If there’s something laudable about the brand Red Horse Beer other than the kick in its full-flavored taste, it is the commitment to discover Filipino talents in rock music. I say commitment because the brand has successfully sustained its Muziklaban Rock Challenge for 13 years now. That’s no easy feat considering how many local talent competitions we hear about that just come and go.

One reason for the staying power of Red Horse Beer Muziklaban Rock Challenge is because it’s very relevant not only to the brand, but also to a targeted community of shared interest—lovers of all things rock music. And it stayed true to this community despite the lure of more popular genres or the excitement of a new customer engagement program. I believe Red Horse Beer is doing it right.

And it’s doing it even better this year by embracing social media to reach out to more amateur rock bands in the country. Aside from submitting entries manually through San Miguel Brewery sales offices and designated venues and through live studio auditions across the Philippines, amateur rock bands can now submit entries through the Red Horse beer website, its Facebook page, or even through Youtube. And for the formal launch of this year’s competition, Red Horse Beer did its first ever digital press conference via live streaming from Hard Rock Cafe in Makati City. I was one of the lucky ones to be invited. :)

Digital is good, but there are things best enjoyed live, like a cold Red Horse Beer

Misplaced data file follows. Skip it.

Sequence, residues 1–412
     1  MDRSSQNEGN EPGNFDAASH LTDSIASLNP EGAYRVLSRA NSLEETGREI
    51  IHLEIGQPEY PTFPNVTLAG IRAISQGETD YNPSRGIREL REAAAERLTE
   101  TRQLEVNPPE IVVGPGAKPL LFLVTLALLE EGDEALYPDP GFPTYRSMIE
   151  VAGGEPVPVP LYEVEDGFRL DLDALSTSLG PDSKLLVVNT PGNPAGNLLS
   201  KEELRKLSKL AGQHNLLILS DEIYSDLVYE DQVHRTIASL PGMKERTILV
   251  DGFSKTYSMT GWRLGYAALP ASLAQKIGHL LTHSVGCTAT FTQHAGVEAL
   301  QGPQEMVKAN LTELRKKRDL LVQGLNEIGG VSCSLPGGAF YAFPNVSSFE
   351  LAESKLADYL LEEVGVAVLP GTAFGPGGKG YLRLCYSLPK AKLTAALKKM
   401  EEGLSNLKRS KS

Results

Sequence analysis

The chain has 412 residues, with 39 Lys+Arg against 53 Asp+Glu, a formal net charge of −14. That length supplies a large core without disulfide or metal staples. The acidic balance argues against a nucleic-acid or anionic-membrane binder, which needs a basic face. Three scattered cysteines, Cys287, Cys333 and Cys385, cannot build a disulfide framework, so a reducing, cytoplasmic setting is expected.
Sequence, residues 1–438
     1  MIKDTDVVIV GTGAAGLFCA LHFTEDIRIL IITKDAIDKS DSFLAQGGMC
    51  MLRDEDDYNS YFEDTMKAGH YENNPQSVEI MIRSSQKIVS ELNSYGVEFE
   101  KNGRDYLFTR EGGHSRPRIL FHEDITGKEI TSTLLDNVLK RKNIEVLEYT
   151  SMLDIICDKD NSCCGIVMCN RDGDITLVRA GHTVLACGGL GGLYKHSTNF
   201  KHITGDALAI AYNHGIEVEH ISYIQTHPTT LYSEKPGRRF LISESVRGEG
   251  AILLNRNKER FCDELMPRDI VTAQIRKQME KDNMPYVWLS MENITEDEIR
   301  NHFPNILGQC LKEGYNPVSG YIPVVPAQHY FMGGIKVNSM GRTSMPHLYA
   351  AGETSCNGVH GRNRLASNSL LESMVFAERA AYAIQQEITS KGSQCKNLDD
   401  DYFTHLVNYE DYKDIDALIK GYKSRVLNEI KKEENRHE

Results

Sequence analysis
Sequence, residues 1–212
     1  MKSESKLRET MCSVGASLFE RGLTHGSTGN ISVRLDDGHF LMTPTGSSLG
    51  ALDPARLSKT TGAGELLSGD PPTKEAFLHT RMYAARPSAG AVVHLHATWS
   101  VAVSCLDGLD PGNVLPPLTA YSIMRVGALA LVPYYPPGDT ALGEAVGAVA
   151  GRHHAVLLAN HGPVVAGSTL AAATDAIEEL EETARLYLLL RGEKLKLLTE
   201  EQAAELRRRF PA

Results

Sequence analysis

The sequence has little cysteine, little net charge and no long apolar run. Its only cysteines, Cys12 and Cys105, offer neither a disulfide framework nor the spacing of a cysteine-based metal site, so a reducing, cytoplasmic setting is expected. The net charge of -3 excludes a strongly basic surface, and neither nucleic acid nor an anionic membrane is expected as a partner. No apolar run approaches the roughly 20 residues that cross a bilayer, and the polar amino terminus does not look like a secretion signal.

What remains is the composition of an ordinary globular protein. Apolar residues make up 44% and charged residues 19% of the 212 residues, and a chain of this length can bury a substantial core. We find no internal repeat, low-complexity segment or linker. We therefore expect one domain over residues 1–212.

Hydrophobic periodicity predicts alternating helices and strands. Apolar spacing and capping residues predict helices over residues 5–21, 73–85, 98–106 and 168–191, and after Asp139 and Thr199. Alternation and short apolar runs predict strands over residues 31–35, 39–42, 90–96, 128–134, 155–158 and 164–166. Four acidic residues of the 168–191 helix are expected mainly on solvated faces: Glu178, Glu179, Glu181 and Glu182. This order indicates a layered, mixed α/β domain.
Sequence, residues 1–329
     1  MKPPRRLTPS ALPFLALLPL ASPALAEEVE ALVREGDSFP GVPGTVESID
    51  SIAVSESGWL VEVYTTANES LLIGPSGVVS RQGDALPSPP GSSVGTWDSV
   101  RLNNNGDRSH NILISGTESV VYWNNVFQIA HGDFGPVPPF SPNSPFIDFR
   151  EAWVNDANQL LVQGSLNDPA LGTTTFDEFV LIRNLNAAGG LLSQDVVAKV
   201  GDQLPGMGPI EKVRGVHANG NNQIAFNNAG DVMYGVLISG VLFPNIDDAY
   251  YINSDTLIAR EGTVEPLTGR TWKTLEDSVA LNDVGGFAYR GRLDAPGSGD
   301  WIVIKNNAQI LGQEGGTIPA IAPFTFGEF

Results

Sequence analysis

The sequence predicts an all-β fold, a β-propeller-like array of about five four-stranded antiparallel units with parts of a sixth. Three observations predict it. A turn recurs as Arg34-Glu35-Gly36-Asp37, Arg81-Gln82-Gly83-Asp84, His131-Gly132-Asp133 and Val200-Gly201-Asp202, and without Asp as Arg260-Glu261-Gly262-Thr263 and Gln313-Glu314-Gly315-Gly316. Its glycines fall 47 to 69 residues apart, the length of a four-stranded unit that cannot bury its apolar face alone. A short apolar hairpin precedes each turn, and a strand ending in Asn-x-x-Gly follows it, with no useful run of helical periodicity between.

The means to reach out and discover more Pinoy talents may change and evolve with the times but making Pinoy rock the constant is the way to go for Red Horse Beer. It is showing the way for many other established brands that are still in the search for a relevant, unique, and sustainable engagement program for customers.


Deadline of submission of entries: September 15, 2011

Eliminations: October 1 to November 5, 2011

Semi-finals: November 2011

Grand Finals: January 2012

The Grand Champion will win P1M worth of prizes: P500,000 cash prize, band start-up support through music video or album production support worth P300,000, and a Red Horse Beer endorsement deal worth P200,000.

The winner in the best original Red Horse Beer song composition will also take home P500,000 cash prize.

For more details on Red Horse Beer Muziklaban Rock Challenge, visit this site.